Convicted serial killer's Kan. death sentence upheld
This is the first time the court has upheld a death sentence since Kansas reinstated capital punishment in 1994
By John Hanna
TOPEKA, Kan. — The Kansas Supreme Court refused on Friday to remove a serial killer from death row who trolled for victims online, marking the first time the court has upheld a death sentence since Kansas reinstated capital punishment in 1994.
The 415-page ruling came in the case of John E. Robinson Sr., who was convicted of killing seven women and a teenage girl in Kansas and Missouri in cases dating back to 1984. Investigators said he lured some victims with promises of work or sex, and stuffed some of their bodies in barrels on his rural property.
The court had faced criticism for overturning death sentences, but only one of the court's seven justices dissented in Friday's ruling. District Attorney Steve Howe in Johnson County, where Robinson's case was tried, said the ruling marks a shift in how the court handles death penalty cases.
"My expectation is that, as we move forward, these cases will move at a faster pace," he said.
Investigators said Robinson used the Internet to lure two victims to Kansas: 27-year-old Suzette Trouten of Newport, Michigan, and Izabela Lewicka, a 21-yaer-old Polish immigrant who attended Purdue University.
Their bodies were found in June 2000, in large barrels on Robinson's rural property 60 miles south of Kansas City. Two days later, three more bodies were discovered in barrels in a storage locker Robinson rented in the Kansas City area.
Prosecutors described Robinson as a predator who trolled the Internet as "Slavemaster," looking for sadomasochistic sex with women.
Robinson is among only nine inmates on death row in Kansas, which has a checkered history with the death penalty. Although the U.S. Supreme Court reinstated capital punishment in 1976, Kansas waited nearly 20 years before reinstating it. And the state's current law is extremely narrow and allows for death sentences in only a handful of circumstances.
Five of the state's current death row inmates had their sentences overturned by the Kansas Supreme Court, but the cases have since been appealed to the U.S. Supreme Court or sent to lower courts for resentencing. The other three inmates have not had first rulings from the Kansas Supreme Court.
Between various other court rulings, including some that have overturned groups of cases, it wasn't immediately clear Friday how many other death sentences the state's highest court has overturned since 1994.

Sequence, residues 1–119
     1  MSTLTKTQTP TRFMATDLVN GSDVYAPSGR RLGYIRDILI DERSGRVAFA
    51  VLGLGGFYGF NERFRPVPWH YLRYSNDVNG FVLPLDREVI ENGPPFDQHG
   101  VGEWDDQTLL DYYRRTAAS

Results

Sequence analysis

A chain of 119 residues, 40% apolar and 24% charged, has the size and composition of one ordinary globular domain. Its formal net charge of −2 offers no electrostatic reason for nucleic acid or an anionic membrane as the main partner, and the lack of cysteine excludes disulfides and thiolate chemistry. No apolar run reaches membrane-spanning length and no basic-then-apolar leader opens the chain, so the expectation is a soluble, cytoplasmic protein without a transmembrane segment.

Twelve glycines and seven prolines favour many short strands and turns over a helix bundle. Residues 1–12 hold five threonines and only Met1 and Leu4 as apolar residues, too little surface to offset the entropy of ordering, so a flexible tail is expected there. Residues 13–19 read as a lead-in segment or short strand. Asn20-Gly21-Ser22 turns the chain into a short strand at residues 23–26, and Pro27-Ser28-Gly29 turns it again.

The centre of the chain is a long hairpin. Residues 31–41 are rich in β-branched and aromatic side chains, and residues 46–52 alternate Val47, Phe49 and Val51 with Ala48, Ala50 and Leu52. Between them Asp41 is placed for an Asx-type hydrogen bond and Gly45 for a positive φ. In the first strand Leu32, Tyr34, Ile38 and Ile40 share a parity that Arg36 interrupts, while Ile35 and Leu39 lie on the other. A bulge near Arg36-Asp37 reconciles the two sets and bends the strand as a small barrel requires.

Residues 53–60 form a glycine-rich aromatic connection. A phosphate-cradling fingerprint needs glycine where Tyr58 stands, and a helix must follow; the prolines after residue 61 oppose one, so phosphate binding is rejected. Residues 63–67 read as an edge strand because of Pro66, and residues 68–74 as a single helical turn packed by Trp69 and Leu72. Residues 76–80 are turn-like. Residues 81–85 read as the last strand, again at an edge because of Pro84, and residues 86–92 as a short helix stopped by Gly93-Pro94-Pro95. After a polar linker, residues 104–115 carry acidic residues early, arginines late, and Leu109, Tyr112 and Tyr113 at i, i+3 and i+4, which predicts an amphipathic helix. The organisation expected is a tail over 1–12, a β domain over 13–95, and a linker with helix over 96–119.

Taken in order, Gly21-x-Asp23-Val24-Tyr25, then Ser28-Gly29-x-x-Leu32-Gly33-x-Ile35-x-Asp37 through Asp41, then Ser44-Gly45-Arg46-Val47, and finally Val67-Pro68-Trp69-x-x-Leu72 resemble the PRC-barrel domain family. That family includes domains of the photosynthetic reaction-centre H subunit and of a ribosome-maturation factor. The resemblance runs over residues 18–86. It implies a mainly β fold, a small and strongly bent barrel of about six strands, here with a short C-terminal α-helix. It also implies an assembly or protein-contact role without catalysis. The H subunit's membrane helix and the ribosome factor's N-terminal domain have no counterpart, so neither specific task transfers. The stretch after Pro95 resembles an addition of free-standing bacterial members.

Robinson was sentenced to death for killing Lewicka and Trouten under a state law allowing capital punishment for multiple, premeditated killings that were part of a "common scheme or course of conduct."
The court's lengthy decision — which dealt with dozens of technical issues raised by Robinson's attorneys on appeal — upheld the death sentence that resulted from Robinson's capital murder conviction for Trouten's death in 2000.
During the same trial in 2002, Robinson also was convicted of capital murder for the 1999 slaying of Lewicka and of non-capital murder in the 1985 death of Lisa Stasi, a 19-year-old whose body has never been found.
The Supreme Court reversed those two convictions, saying Kansas' death penalty law allowed for only one capital murder charge covering multiple killings in the overall case. But that ruling "in no way" cleared Robinson in the deaths, Justice Caleb Stegall wrote in the majority's opinion.
Prosecutors "presented ample evidence that Robinson lured his victims with promises of financial gain, employment or travel; exploited them sexually or financially; used similar methods to murder and dispose of their bodies; and used deception to conceal the crimes," Stegall wrote.
"In the end, he's been found guilty of capital murder, and the sentence has been upheld," Howe said during an interview Friday.
Kansas Attorney General Derek Schmidt said in a statement that his office was "cautiously encouraged," but that it was still reviewing the court's decision. Paige Nichols, a Lawrence attorney who argued Robinson's case before the Supreme Court, did not immediately return a phone message seeking comment Friday.
The court's lone dissenter was Justice Lee Johnson, who criticized the court for linking all of the killings, including ones committed when Kansas had no death penalty. He also argued that the death penalty violates the Kansas Constitution's prohibition against cruel or unusual punishment.
On appeal, Robinson's attorneys raised dozens of issues about the selection of the jury and what evidence was allowed, as well as whether Kansas prosecutors could cite the Missouri killings to support their case for the death penalty in Kansas.
They also argued that Robinson should be resentenced because one juror consulted the Bible after concluding Robinson should receive death. The Supreme Court deemed the action "harmless."